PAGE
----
Imagine we come on the last day of your presidency to interview you again: what objectives or ambitions would you like to have achieved by then?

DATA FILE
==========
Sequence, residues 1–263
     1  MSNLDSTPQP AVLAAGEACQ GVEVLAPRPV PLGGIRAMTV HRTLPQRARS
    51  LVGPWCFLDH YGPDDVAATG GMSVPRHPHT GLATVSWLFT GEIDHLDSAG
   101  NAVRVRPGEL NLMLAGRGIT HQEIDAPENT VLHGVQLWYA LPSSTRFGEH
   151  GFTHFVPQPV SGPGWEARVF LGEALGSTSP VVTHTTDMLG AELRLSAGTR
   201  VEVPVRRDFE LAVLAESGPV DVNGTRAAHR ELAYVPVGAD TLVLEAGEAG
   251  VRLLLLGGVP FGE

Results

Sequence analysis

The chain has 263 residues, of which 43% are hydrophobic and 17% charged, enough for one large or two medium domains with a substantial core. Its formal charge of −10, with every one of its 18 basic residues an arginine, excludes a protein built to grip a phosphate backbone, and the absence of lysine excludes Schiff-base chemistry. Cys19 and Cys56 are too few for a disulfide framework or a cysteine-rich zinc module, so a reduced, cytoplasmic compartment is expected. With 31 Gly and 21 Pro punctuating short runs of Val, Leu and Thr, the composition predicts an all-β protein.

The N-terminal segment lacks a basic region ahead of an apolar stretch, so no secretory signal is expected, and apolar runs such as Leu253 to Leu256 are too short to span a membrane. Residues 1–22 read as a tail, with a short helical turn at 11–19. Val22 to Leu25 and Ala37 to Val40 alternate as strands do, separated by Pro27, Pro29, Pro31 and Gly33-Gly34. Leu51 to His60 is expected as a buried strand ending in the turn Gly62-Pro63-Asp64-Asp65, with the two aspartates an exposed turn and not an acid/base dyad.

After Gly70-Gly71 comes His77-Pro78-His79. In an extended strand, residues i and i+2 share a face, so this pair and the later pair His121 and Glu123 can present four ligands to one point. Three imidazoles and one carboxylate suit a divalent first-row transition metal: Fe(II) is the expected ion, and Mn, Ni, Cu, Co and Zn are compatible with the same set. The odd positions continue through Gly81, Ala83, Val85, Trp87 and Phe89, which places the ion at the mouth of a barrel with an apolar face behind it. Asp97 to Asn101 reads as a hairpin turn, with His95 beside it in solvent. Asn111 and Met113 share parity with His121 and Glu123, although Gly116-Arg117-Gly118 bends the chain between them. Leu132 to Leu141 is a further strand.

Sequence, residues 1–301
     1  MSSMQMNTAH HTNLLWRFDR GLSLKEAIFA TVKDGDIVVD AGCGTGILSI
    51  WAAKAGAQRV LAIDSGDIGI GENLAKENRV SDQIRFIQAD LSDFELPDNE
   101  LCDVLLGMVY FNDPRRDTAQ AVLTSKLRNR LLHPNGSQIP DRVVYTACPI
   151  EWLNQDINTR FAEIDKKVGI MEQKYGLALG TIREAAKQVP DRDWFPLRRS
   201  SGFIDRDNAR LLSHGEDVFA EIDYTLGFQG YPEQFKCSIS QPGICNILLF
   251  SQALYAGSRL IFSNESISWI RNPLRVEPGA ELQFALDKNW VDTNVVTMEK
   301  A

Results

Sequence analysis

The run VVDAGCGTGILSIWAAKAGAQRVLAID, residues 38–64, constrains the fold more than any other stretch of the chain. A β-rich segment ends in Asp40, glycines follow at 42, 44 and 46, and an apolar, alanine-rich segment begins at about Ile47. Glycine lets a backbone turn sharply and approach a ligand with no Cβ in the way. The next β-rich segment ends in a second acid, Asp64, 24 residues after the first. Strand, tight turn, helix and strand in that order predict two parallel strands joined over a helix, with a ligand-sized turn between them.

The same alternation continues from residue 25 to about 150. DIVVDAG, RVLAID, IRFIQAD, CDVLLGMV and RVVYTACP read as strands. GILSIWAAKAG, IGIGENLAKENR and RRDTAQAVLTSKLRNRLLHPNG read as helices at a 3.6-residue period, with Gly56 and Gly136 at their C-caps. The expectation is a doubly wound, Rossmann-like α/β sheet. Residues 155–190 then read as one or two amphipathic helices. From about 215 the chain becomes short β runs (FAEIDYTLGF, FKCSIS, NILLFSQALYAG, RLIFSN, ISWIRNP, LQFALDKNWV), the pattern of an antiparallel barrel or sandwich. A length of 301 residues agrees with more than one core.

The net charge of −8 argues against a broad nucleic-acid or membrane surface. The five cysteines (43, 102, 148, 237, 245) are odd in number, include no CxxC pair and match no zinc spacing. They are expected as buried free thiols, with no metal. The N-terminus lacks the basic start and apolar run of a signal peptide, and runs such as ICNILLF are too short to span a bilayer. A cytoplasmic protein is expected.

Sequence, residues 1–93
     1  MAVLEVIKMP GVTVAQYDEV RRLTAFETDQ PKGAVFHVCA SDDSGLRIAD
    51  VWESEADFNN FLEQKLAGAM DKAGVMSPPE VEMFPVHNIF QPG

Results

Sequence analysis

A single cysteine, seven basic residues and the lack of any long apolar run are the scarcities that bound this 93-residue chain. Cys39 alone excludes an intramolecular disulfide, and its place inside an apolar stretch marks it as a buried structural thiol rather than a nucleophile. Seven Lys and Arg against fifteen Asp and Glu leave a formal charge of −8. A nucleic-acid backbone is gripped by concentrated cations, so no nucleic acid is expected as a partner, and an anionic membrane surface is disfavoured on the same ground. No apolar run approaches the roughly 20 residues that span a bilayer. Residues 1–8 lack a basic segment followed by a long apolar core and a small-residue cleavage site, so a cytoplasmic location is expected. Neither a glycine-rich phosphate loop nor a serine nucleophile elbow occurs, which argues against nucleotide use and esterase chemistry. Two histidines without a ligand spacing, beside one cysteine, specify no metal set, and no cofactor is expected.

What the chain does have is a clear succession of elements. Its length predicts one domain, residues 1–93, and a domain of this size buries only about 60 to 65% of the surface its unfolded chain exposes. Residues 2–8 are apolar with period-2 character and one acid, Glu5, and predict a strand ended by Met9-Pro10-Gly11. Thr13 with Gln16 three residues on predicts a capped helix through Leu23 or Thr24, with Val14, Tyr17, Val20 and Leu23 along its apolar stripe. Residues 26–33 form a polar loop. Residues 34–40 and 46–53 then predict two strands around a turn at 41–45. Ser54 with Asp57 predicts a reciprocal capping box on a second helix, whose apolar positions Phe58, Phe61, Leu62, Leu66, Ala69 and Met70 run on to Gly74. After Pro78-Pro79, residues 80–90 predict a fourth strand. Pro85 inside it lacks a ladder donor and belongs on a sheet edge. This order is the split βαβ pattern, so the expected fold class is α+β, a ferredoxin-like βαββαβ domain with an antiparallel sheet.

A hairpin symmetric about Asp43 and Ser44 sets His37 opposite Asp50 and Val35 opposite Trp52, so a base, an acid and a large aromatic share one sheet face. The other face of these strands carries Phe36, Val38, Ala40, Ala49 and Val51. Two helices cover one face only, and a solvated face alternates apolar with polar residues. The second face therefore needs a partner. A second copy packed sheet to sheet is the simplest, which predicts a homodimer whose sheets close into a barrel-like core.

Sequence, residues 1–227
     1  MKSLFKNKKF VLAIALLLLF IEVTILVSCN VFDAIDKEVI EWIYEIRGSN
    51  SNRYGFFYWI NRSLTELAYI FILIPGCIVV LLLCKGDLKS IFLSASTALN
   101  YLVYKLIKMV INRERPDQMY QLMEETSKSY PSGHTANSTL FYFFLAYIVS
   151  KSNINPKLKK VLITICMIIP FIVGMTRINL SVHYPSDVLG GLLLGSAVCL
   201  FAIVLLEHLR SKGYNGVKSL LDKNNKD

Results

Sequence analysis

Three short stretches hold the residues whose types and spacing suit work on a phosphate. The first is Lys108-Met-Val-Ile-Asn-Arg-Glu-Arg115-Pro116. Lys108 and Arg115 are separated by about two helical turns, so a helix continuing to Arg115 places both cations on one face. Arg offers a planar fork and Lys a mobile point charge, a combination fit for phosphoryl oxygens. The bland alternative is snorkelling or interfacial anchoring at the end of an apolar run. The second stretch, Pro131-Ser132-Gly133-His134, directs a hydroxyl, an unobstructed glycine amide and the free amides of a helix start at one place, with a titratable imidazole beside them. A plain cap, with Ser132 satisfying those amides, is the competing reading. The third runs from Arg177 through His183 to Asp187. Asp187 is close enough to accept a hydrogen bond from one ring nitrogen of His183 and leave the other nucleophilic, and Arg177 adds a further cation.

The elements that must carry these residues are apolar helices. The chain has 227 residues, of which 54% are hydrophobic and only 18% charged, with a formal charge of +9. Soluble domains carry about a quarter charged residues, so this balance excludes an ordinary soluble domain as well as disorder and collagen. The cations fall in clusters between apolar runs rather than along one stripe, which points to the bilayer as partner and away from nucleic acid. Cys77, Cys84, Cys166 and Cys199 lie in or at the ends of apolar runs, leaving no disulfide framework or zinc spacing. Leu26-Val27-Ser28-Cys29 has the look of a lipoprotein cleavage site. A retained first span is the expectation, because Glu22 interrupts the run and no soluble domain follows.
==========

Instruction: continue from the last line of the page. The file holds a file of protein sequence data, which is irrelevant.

Monozukuri, Japan’s great treasure, became known as the “Miracle of the East”. The companies in our group deal with businesses that value monozukuri. I would wish for each of the companies within our group to experience exceptional growth moving forward. My background is in digital marketing, so I want to incorporate DX and digitization to enhance their growth and success. Furthermore, we seek to create a successful business model and platform that other SMEs in Japan can see as an example and adopt for their companies. It can serve as something illustrative of what is possible. I believe that by doing so, Japanese monozukuri can once again be revitalized and known on the global stage. Nothing would make me happier and prouder of my work than that.